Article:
NBA Star Mo Williams Speaks to Future Entrepreneurs in MississippiBy Daniel Cherry | Published 26 Apr 2011 03:41pm |
Many of Mississippi's best business talent have lost their jobs and now some are going into business for themselves. MPB's Daniel Cherry reports how entrepreneurship is growing and how an NBA star wants to help.
With unemployment in the state still higher than ten percent many people are finding new and innovative ways to support themselves. Mo Williams, guard for the Los Angeles Clippers and Jackson native spoke to a group of business students at Jackson State University. Williams says whether it's business or basketball success requires hard work.
"The get rich quick schemes....just stick to your plans. Stick to your goals. Never give up. I know it's going to be tough at times. It gets tough for me. That's for everybody...you've got to understand that."
The Kauffman Foundation says nationally, new business startups are at a 15 year high, but Mississippi has one of the lowest rates for new businesses among African Americans. Dr. Mary White Chairs the entrepreneurship program at Jackson State. She says she wants these young, business minded students to make an impact.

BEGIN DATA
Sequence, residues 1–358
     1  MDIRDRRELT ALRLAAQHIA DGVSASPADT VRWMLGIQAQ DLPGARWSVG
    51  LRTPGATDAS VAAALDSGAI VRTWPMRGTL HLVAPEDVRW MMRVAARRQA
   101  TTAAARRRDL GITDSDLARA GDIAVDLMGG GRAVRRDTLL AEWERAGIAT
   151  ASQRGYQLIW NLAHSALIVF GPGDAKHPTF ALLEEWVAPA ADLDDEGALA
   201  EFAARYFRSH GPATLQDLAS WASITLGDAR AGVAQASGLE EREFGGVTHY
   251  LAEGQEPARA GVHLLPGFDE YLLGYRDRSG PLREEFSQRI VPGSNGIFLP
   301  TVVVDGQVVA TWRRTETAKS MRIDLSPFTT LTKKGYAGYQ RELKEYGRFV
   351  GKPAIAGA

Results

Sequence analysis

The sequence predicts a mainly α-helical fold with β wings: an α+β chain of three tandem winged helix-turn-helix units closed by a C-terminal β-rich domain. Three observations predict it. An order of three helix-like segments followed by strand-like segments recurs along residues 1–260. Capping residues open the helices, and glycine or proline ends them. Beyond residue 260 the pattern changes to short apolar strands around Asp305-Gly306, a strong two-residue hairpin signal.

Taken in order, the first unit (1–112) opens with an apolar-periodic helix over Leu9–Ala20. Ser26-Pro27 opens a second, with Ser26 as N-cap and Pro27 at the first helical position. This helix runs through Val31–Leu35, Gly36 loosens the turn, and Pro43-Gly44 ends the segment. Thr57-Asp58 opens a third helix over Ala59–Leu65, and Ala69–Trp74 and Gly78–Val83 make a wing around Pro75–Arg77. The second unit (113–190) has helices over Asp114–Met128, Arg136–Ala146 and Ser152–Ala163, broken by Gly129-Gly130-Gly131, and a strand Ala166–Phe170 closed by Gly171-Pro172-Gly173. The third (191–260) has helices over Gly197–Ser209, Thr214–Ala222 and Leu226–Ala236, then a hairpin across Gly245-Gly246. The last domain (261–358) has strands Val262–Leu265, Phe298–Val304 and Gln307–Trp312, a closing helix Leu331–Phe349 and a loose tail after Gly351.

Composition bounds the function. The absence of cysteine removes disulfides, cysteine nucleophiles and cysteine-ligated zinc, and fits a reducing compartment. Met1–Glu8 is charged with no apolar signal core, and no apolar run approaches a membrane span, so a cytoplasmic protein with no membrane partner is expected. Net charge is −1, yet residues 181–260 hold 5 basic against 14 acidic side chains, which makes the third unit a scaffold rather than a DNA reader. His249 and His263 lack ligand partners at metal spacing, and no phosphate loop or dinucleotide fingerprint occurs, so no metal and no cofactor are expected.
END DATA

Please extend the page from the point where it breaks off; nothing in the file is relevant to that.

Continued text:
"You have businesses that used to be there that are no longer there. We're going to need some young people to come up with some ideas that are a little different than what we used to know. Bring the younger focus in so they can see it's something that's sorely needed in the community."
One of those students is Courtland White. He's a senior at Jackson State, but he's already getting real world business knowledge. He has developed wireless headphones with an MP3 player built inside, and three national retail chains will begin selling the headphones in July. White says he's glad to be an example for those coming behind him.
"For youth to see someone that's young doing something prosperous I think it ignites something inside of them to spark them to go out and do something. Do something big and let them know it can be done."
Entrepreneurship programs across the state have seen increases in enrollment in recent years. Daniel Cherry...MPB News.
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